The research has recently been highlighted in Australian Geographic.


-- Mat Vanderklift

Mt. Weld Altitudinal Transect (website)

A joint Forestry Tasmania/DPIWE (Department of Primary Industry, Water and Environment) Nature Conservation Branch project is examining changes in biodiversity of invertebrate fauna with altitude and over a long-term time scale.

An altitudinal transect has been established with permanent floristic plots every 100 meters in altitude from 100 meters to 1300 meters above sea level. Along the transect, a wide range of biological and topographical observations are made on a regular basis. As part of the Warra LTER invertebrate program, pitfall and Malaise traps to collect invertebrates, have been set up at each 100 meters increment. These are monitored monthly.

Monitoring will continue for one year to obtain a baseline database of invertebrates. Based on this data set selected invertebrate groups will be intensively studied to obtain indicators of change. Monitoring of other biological parameters will continue and be linked to the invertebrate project. A poster display was presented to the Australian Entomological Society Scientific Conference to be held in Sydney in September 2001 to draw attention to the project. A paper on the baseline data presented will be presented at the 6th Invertebrate Biodiversity and Conservation Conference in Australia December 2002.

--Dick Bashford

Dr. Bashford is also an affiliate member of the IBOY Core Network Project, GLIDE – Global Litter Invertebrate Decomposition Experiment. A site description on the Warra GLIDE site can be found at

New Zealand Birds (website)

Edward O. Wilson wrote in his book on biodiversity that we should "aim at nothing less than a full count, a complete catalogue of life on earth," the web site, New Zealand Birds, is a small contribution to that effort.

The objective in developing this web site is to bring New Zealand's birds, and the dangers that imperil them, to the attention of the world. Also, the website emphasizes that New Zealand is the land of birds, even though what New Zealand has now is a mere remnant of its earlier fauna. This project intends to have all the endemic birds fully listed, articles written and graphically illustrated by the end of the year 2002. More than two-thirds have already been done.

A homestay and the birdwatching program are being developed in conjunction with the directory of New Zealand's birds. Eco-tourism is a very useful tool in conserving and drawing attention to the natural world. Birdwatching has a very important educational function. Once birds and their habitats become economically important then there will be more emphasis placed on conserving them.


-- Narena Olliver

The Representative Areas Program (RAP) - protecting the biodiversity of the Great Barrier Reef (website)

During 2001-2002, research institutions, museums, universities, government organizations and private consultancies across Queensland are collaborating with the Great Barrier Reef Marine Park Authority to develop an innovative approach to managing the biodiversity of the Great Barrier Reef (GBR), called the Representative Areas Program (RAP). The RAP aims to increase protection of the biodiversity across the entire World Heritage Area (the largest marine protected area in the world and an area half the size of Texas), by establishing a network of highly protected areas that includes examples of all known habitats and communities. Some 70 broad scale areas (termed bioregions) have been mapped; each bioregion possesses distinct biodiversity and ecosystem processes, many are ecologically connected and together they support a divers and functioning GBR. Importantly, in selecting the representative areas network, RAP considers not only the biology and ecology of all bioregions, but also takes social, economic and cultural information into account and will engage in major public participation programs to select areas that best protect the biodiversity while minimizing negative impacts on existing users.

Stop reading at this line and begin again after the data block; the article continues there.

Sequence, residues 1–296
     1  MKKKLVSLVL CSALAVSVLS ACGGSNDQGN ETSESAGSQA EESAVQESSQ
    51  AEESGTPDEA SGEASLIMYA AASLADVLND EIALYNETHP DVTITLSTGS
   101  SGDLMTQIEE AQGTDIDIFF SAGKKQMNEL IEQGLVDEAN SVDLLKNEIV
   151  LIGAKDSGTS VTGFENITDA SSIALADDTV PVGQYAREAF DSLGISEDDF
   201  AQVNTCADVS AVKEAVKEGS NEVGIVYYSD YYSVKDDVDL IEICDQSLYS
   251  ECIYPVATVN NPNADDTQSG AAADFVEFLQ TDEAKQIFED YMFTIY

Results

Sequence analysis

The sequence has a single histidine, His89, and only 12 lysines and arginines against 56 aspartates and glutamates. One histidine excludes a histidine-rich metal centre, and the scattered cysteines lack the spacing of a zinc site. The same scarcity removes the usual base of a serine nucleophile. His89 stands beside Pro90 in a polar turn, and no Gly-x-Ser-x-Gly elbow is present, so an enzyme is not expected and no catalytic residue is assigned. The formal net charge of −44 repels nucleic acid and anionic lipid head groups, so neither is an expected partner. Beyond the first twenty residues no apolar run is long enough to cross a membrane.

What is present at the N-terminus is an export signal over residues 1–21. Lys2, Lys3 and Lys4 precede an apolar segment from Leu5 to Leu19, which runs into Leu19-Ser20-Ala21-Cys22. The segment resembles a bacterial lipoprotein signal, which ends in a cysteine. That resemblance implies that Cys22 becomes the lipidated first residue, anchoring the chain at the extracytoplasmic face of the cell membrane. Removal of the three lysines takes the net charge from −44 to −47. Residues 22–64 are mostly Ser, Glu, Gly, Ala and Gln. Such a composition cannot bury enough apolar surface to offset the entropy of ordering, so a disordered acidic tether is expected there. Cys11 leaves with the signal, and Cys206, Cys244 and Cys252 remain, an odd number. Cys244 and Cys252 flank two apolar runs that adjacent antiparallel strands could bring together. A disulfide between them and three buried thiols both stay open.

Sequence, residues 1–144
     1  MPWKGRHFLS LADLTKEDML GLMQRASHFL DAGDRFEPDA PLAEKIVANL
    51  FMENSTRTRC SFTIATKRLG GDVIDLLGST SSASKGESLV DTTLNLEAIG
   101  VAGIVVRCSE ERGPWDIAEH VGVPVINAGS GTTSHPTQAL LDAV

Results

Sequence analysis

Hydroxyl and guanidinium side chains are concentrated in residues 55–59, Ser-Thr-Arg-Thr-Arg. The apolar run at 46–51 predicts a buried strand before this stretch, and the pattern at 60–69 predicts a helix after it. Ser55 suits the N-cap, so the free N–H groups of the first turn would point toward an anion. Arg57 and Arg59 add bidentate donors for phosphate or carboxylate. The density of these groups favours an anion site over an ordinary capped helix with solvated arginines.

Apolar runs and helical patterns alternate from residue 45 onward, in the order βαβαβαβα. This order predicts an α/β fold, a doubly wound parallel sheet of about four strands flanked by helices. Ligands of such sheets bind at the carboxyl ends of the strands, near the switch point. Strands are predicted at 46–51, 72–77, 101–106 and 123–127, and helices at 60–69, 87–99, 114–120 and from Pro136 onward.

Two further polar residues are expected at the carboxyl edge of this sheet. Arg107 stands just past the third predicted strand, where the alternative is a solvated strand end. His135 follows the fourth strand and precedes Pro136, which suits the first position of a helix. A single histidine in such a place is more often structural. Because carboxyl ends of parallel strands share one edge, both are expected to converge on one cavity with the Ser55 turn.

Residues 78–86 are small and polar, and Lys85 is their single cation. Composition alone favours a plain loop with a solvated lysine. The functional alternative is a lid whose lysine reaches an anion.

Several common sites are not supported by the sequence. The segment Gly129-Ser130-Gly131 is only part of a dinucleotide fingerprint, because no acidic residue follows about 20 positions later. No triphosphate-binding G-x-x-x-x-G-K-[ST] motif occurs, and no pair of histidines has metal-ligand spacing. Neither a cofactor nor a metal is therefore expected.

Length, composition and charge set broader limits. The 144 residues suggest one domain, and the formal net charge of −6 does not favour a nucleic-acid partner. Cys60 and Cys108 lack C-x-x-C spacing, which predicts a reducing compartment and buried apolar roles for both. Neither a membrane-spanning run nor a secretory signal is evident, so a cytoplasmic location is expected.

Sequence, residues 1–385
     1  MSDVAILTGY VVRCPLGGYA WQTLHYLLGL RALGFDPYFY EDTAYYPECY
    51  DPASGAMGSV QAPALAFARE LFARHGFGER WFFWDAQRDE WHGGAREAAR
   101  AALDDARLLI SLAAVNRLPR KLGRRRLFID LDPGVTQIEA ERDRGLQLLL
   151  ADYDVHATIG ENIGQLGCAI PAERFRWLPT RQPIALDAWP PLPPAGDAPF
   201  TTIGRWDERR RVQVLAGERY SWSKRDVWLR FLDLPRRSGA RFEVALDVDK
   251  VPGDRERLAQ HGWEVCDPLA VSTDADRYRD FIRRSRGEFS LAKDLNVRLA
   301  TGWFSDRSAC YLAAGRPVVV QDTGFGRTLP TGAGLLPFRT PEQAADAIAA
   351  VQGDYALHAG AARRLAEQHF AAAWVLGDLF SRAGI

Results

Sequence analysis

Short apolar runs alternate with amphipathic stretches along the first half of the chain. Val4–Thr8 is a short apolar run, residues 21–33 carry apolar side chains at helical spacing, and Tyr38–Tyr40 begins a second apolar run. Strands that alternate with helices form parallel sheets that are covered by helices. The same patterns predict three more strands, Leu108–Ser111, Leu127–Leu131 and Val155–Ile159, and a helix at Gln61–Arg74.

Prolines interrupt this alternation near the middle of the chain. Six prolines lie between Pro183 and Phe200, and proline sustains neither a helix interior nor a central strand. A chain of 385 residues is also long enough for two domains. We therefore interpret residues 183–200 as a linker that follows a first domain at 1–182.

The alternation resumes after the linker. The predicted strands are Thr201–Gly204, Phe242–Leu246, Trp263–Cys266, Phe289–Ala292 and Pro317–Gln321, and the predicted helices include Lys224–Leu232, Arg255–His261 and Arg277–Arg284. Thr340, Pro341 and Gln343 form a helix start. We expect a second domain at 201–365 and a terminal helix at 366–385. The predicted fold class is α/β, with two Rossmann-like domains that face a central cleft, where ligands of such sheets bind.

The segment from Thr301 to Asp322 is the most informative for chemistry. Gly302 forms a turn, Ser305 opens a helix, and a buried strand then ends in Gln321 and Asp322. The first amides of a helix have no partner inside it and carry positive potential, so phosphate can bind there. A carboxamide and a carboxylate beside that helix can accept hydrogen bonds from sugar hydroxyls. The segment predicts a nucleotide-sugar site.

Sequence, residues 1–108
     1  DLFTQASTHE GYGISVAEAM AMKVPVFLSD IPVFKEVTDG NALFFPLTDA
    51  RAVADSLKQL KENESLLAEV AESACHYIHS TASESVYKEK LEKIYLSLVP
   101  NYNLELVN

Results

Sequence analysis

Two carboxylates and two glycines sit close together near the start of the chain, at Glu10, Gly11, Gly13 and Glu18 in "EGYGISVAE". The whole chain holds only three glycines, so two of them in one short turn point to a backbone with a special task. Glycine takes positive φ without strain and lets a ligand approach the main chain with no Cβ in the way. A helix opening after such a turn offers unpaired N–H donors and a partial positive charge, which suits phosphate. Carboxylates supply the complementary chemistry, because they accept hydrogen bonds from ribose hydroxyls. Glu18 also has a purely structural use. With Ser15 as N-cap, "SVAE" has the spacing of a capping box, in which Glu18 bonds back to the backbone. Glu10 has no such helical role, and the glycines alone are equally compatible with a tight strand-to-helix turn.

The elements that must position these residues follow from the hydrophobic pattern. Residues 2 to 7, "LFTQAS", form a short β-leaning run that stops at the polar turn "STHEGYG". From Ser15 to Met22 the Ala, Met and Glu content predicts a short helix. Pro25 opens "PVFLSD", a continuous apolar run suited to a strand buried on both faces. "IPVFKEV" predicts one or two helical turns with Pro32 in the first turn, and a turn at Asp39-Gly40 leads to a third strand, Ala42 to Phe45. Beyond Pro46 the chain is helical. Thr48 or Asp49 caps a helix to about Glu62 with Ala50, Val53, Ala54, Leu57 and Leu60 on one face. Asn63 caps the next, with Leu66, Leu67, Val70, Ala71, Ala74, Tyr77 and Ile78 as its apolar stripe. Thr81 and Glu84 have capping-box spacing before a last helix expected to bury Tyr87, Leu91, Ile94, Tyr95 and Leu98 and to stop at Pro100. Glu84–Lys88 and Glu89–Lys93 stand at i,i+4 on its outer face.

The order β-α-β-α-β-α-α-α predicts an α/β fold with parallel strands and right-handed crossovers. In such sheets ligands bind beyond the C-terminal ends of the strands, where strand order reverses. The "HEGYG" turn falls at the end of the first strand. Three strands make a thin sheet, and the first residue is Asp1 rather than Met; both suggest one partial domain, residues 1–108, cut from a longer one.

The program has a number of discrete phases:

  • 1999 - develop map of bioregions across the entire GBR
  • 1999-2000 - develop/refine the analytical tools for identification and selection of the reserve network
  • 2000-2001 - collate social, economic & cultural data and gain public acceptance of the RAP approach
  • early 2001 - identify the potential networks of candidate area and seek public comment
  • late 2001- assess social/economic/cultural/practical implications to refine candidate areas
  • early 2002 - select network(s) of highly protected areas and prepare draft zoning plan
  • mid 2002 - release the draft zoning plan for public comment
  • late 2002 - finalize the zoning plan and seek Parliamentary approval

There are already products from RAP that deliver new information on biodiversity, which are also useful for the planning and management of the GBR, including:

  • a map of bioregions of the GBR
  • several analytical tools ('Marxan' and 'Trader') that assist in selecting network options for representative areas